While soft robots are very flexible, and adaptive to more complex environments, they aren’t great at completing tasks with a high load capacity due to the low stiffness of constituent materials. Attempts have been made to use variable stiffness materials and structures in order to develop stiffness‐tunable soft actuators, but these are limited by factors such as small deformations, slow responses, and difficulty fabricating microfeatures.
A team of researchers from the Singapore University of Technology and Design (SUTD) and Shanghai Jiao Tong University (SJTU) recently published a paper, titled “Fast-Response, Stiffness-Tunable Soft Actuator by Hybrid Multimaterial 3D Printing,” detailing their efforts to fix this issue.
The abstract reads, “This work presents a paradigm to design and manufacture fast‐response, stiffness‐tunable (FRST) soft actuators via hybrid multimaterial 3D printing. The integration of a shape memory polymer layer into the fully printed actuator body enhances its stiffness by up to 120 times without sacrificing flexibility and adaptivity. The printed Joule‐heating circuit and fluidic cooling microchannel enable fast heating and cooling rates and allow the FRST actuator to complete a softening–stiffening cycle within 32 s. Numerical simulations are used to optimize the load capacity and thermal rates. The high load capacity and shape adaptivity of the FRST actuator are finally demonstrated by a robotic gripper with three FRST actuators that can grasp and lift objects with arbitrary shapes and various weights spanning from less than 10 g to up to 1.5 kg.”
“Once clean, the SMP slice I was taken to our self-built DIW device for the fabrication of the Joule-heating circuit,” the researchers wrote. “A syringe was held vertically on the DIW device, and its translations in the printing plane were enabled by linear stages…which were precisely controlled by stepper motors.”
The 3D printed SMP slice with the Joule-heating circuit was placed in a universal oven in order to sinter the Ag NP circuit before being bonded with the body of the actuator. In each spacer between neighboring air chambers in the actuator body, a slot was created in order to receive an insert for the SMP slice.
“The slot-and-insert design would enhance the bonding strength at the interface to better limit the cover layer’s strain under inflation and inhibit the air from travelling outside the central channel,” the researchers explained.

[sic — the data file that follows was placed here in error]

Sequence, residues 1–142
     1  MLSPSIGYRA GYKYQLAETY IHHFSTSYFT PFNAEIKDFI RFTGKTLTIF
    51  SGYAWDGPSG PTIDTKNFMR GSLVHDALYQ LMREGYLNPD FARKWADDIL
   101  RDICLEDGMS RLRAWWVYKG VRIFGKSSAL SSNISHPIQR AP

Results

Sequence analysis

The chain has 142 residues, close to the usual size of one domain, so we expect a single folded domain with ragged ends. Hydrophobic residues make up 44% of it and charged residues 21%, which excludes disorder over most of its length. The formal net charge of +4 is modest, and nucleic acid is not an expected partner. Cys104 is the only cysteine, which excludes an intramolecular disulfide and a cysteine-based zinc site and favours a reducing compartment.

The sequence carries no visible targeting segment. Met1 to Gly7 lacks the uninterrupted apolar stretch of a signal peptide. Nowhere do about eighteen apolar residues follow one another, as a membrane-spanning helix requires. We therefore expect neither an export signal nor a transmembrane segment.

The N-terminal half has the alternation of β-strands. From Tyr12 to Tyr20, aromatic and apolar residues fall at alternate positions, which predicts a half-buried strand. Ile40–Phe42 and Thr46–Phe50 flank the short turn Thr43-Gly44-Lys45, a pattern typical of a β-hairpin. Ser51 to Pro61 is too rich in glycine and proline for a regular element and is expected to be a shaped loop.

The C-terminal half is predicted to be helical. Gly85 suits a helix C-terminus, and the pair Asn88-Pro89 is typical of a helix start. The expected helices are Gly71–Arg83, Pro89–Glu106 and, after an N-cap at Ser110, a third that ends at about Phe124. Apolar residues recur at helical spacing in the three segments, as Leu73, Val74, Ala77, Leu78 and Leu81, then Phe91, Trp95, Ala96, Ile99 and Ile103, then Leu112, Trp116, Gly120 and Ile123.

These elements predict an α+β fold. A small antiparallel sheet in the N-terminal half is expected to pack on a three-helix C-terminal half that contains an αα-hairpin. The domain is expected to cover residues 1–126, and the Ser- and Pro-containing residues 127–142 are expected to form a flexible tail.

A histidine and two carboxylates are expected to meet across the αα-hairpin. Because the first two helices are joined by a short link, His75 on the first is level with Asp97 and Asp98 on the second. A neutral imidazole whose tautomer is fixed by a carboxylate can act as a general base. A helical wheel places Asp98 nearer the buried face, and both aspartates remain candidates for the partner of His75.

Once the bonding interfaces were cured, the team tested how airtight everything was, then inserted conductive wires through the actuator base’s channels, which were connected to the Joule-heating circuit and then sintered. The SMP slice II was bonded with the elastomeric sheet using VeroClear, and the processed parts were bonded together, again using VeroClear.
The researchers performed all kinds of tests on their 3D printed soft actuator, including a DMA test, tensile tests at 25 °C and 70 °C, a stiffness-tunable strip test, and others. A characterization test on a single FRST actuator’s load capacity was completed, and the team also conducted finite-element simulations in an effort to learn more about the stiffness variation mechanism.
The researchers wrote, “To gain insight on potential ways to improve the load capacity, we simulated the bending stiffness tests by varying two parameters, namely the SMP layer thickness and material modulus at room temperature.”
Finite-element simulations were also completed for heating and cooling tests, and the researchers also characterized the printing parameters.
The field of soft robotics is helping people change their perception of robots as hard, metal creations to something that is more fluid and flexible. Through their experiments, the joint SUTD/SJTU research team found that by adding shape memory polymers to the mix, their 3D printed soft actuator’s body became up to 120 times stiffer, but without sacrificing adaptivity or flexibility – making it far more effective at carrying high loads.
Co-authors of the paper are Yuan‐Fang Zhang, Ningbin Zhang, Hardik Hingorani, Ningyuan Ding, Dong Wang, Chao Yuan, Biao Zhang, Guoying Gu, and Qi Ge.
Discuss this research and other 3D printing topics at 3DPrintBoard.com or share your thoughts in the Facebook comments below.
You May Also Like
Volvo’s Conservation Project: 3D Printed Tiles for a Living Seawall at Sydney Harbour
Oysters, seaweed, fish, algae and many more organisms have a new home at North Sydney Harbour. At one of the world’s largest Living Seawalls in Bradfield Park, an ocean conservation...
Volvo CE Adopts 3D Printing for Spare Parts and Prototyping
Volvo Construction Equipment (Volvo CE) is one of the largest companies in the construction equipment industry, with more than 14,000 employees worldwide. The company’s values center around sustainability and innovation,...
Metal Additive Manufacturing Helps Renault Trucks Reduce Weight of 4-Cylinder Engine by 25% Using 3D Printed Components
In spring of 2015, 3D artist and designer Bernhard Bauer used Blender to 3D model, from scratch, and 3D print a 1:14 scale Renault delivery truck replica for one of...
Old Meets New in Latest OpenRC Tire Design from Thomas Palm
Leif Tufvesson loves cars. He spent part of his career working as a technician for Volvo’s Research and Development Department in Gothenburg, Sweden, followed by a six-year stint at the...
View our broad assortment of in house and third party products.